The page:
Right, let’s talk about the local elections and not mention a certain anti-EU party. What the media has not talked about, strangely, is what the results mean for libraries.  Well, let’s remedy that odd omission. The three key things here:

  • Hammersmith and Fulham is now Labour controlled.  This will place strain on the Tri-Borough council which, originally, consisted of three Conservative councils (with Kensington & Chelsea and Westminster being the other two). Whether such a cross-council partnership will survive different party allegiances will be closely watched.
  • Croydon is now Labour controlled.  The Labour party beforehand promised to reverse the decision to outsource its libraries to a private company (Laing and then Carillion). It’ll be interesting to see if it tries to do so and what problems it will raise.
  • The Local Government Association (LGA) now has Labour as its largest grouping. One can expect them to be more vociferous against cuts to services because of this … but by how much and to what effect remains to be seen.

By the way, the 31st July of this year will be fiftieth anniversary of the Public Libraries and Museums Act which made public libraries statutory. This completely passed me by.  Is anyone doing anything for this day?  Do let me know.

Please email any thoughts, news or comments to ianlibrarian@live.co.uk




  • Celebrating a year of boosting the North East Economy at Business & IP Centre Newcastle – British Library. “vital part of the North East’s economic growth agenda, the Centre has been a resounding success, helping to launch new North East businesses and help established businesses grow to the next level. Highlights from the past year include: 2489 helped with business and intellectual property enquiries, 220 intellectual property surgeries held, 53 events held, 929 event attendees. Join the team on Monday 2 June to celebrate at Inspiring Entrepreneurs: Going Global. The event will encourage businesses to expand by looking beyond their traditional markets and think internationally to survive and thrive.”
  • Councils should ‘treat voluntary sector fairly when setting budgets’ – Third Sector. “It champions the ability of charities to maintain community assets, such as public libraries, and deliver services from them where councils have been unable to continue doing so directly.”
  • Lego in libraries – Public Libraries News. An international look at using lego in libraries, including the reasons to do it, benefits, costs and practicalities.
  • Longitude Prize gives us a new hero – Independent. “Last year, when plans for the reset Longitude Prize first emerged, the Prime Minister welcomed the chance to escape reality-show trivia and “get the nation engaged on what the biggest problems are in science”. But a democratic infrastructure of research needs more than a fat cheque or two. It calls for communities of understanding and exchange. So don’t close public libraries, but rather expand them.”
  • National Public Libraries Festival – Librarycamp. “We’ve had encouragement from all sides that the idea of a festival celebrating the 50th Anniversary of the Public Libraries and Museums Act is a sound, even brilliant, idea. We are struggling to raise the necessary funds. Scratch that: we’re not struggling, we have failed to raise a bean. No doubt this is because we don’t exactly have a proven track record for this sort of thing. We know that organising a free to attend unconference for libraries can’t be compared to running a nationally significant event with politically sensitive connotations.”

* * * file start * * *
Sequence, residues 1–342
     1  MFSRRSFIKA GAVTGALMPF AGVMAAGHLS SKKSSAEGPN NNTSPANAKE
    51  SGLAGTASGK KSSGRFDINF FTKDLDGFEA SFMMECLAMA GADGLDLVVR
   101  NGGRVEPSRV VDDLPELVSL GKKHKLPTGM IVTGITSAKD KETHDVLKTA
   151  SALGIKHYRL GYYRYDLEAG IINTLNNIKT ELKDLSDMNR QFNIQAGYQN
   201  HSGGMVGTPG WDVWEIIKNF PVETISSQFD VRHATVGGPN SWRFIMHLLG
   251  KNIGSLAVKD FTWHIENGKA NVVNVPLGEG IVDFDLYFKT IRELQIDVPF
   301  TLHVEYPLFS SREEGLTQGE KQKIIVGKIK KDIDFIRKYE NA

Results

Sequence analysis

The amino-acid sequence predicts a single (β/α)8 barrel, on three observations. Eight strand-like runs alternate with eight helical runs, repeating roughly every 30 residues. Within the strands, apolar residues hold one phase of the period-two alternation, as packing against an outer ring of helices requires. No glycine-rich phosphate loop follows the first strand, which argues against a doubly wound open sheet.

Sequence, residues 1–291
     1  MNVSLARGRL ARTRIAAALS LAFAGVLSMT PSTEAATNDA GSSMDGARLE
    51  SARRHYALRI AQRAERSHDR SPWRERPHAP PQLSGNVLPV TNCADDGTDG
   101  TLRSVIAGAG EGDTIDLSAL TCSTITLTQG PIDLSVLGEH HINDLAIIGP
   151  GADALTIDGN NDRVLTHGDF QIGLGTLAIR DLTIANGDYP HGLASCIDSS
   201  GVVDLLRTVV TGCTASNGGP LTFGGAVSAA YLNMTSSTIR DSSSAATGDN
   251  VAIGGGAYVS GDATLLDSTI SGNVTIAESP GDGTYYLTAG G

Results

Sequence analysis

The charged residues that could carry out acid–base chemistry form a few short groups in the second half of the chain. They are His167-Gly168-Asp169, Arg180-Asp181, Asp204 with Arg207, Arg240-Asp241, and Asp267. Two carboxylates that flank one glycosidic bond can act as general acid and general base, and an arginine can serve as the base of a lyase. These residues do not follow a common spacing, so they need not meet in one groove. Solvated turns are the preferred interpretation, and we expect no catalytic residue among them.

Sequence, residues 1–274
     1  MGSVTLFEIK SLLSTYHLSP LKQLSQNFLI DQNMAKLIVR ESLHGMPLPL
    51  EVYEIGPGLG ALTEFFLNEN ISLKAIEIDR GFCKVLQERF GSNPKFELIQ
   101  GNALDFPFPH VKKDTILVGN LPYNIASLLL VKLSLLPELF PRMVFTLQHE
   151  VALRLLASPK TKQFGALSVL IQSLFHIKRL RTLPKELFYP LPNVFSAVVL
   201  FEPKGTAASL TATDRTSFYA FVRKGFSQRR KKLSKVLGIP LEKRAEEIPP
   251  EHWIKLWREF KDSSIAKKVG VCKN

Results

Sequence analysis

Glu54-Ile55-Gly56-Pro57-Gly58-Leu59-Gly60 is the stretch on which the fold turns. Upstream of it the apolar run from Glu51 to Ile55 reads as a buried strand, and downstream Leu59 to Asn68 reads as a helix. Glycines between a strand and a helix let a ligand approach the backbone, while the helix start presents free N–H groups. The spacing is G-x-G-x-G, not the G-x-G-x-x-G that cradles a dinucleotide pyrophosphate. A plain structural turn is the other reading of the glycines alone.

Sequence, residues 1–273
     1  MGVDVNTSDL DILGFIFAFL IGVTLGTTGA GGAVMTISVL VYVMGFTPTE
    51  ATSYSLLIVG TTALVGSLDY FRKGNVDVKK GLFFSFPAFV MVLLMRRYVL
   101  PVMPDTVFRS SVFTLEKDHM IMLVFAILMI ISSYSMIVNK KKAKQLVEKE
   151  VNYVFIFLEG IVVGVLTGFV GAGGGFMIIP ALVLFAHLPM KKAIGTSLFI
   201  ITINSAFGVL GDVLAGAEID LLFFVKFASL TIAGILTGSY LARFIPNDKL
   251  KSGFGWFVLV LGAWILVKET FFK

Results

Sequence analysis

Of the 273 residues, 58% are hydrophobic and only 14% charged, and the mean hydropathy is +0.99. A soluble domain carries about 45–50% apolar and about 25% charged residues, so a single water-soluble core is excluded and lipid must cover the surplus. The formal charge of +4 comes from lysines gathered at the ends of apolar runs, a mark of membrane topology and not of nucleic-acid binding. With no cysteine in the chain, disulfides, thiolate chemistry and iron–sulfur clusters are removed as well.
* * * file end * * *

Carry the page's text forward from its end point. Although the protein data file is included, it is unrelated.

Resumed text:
• Pavilion Books’ A Night in the Cells: Publishing world unites for campaign fundraiser – Pavilion. “Leading independent publisher Pavilion Books has today (Monday 19 May) announced a unique fundraiser for charities The Book Trade Charity (BTBS) and the Howard League for Penal Reform, to support their work and highlight the Howard League’s Books for Prisoners campaign.”

Supporter message

  • A Library in Your Living Room : Marketing Support for Public Libraries.  Oxford University Press have created an entire website for public libraries staff and members in order to help promote and discover your digital reference resources from OUP. From marketing materials to logos, and from quizzes to social media templates, you’ll find it all online.


  • Bulgaria’s Black Sea Resort Albena Opens Beach Library – Novinite (Bulgaria). “The library is located on the beach and on its shelves are arranged over 6000 volumes in more than 15 languages. It is completely free and offers world classics, thrillers, mysteries, romantic readings, memoirs. The beach library is the first of its kind in Bulgaria and in Europe, as well. Two new libraries on the beach will be opened in June”
  • Google Glass in Libraries: Disruption or just Disruptive? – Librarian Shipwreck. Concerns over copyright and privacy of customers. “Libraries are filled with technology; they are also filled with people. By taking a strong stance on Glass, libraries can demonstrate clearly that they are putting people first.”
  • Hong Kong Public Libraries Ignore Biggest Minorities’ Need – Global Voices (Hong Kong). “As government funded libraries in Hong Kong fail to serve domestic workers’ need, they have to set up mobile libraries during public holidays across the city.”
  • How libraries will fight hunger in America this summer – Examiner (USA). “14 branch libraries throughout the city will be serving food to children this summer. The meals are free and children can “feed your stomach and your brain at the Library.” Another 4 library sites will be serving meals in association with a summer camp reading program. The number of sites is an expansion over previous years of summer feeding.”